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C-reactive protein, an inflammatory biomarker, predicts progression of aortic valve stenosis

01.09.2003


ESC Congress 2003



Aortic stenosis (AS) is the narrowing or obstruction of the heart´s aortic valve, which prevents it from opening properly and blocks the flow of blood from the left ventricle to the aorta. AS is common in the ageing population and has become the most frequent native valve disease in Europe. AS when severe, may cause left heart failure, fainting or angina, but the natural progression of less severe degrees is highly variable.

The risk factors for the development of AS are the same as that of atherosclerosis (male sex, smoking, hypertension, age, hypercholesterolemia, and diabetes), and some of these seem to have an effect on AS progression as well. Numerous studies have identified inflammation as a major component of atherosclerosis complications and have shown that blood levels of C-reactive protein are elevated many years before a first heart attack or stroke occurs. C-reactive protein is a protein in the body whose level increases when blood vessels become inflamed, so measuring cardiovascular risk is thought to be possible by assessing C-reactive protein levels.


Accordingly, to these data, we have studied the possible association between inflammation, as detected by C-reactive protein levels, and progression of AS.

Our study was carried out in Salamanca, Spain. We looked at 43 patients with AS. We performed an echocardiogram and measured the blood levels of C-reactive protein at the beginning of the study, and we saw that patients with higher levels of C-reactive protein had more rapid progression of AS than patients with lower levels, when we repeat the echocardiogram six months later.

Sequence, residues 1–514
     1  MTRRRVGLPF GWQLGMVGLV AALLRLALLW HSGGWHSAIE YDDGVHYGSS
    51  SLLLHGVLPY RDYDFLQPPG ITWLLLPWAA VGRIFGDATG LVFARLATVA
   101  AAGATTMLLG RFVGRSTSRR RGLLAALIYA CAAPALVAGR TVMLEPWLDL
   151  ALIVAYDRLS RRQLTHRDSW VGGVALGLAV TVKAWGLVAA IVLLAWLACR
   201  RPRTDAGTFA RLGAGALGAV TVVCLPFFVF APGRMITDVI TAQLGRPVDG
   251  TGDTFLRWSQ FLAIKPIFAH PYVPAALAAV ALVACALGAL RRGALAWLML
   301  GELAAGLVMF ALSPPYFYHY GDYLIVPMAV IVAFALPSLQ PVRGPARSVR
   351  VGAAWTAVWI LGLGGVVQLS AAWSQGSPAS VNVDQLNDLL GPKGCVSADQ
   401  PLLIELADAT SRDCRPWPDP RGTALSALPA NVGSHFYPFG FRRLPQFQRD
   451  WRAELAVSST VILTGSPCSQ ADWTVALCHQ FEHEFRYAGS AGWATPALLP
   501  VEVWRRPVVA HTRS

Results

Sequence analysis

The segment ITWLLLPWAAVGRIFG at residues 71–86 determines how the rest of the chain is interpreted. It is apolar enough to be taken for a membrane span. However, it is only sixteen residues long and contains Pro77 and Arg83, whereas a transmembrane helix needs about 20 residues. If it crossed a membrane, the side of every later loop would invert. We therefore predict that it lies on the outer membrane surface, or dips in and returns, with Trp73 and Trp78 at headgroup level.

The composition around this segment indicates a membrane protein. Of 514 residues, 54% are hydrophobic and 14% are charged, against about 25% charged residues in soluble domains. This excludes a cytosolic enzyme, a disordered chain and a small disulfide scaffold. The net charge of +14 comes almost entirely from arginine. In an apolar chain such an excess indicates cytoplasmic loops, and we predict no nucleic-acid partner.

The mechanism of this is still under investigation, but raises the possibility that AS and atherosclerosis may share common pathophysiology pathways. Ability to predict AS progression has clinical implications in patients with AS, and could help in the selection of patients who are likely to benefit from early aortic valve replacement.

Pedro L Sanchez
University Hospital, Salamanca, Spain

IMPORTANT: This press release accompanies a poster or oral session given at the ESC Congress 2003. Written by the investigator himself/herself, this press release does not necessarily reflect the opinion of the European Society of Cardiology

Camilla Dormer | alfa
Further information:
http://www.escardio.org/vpo

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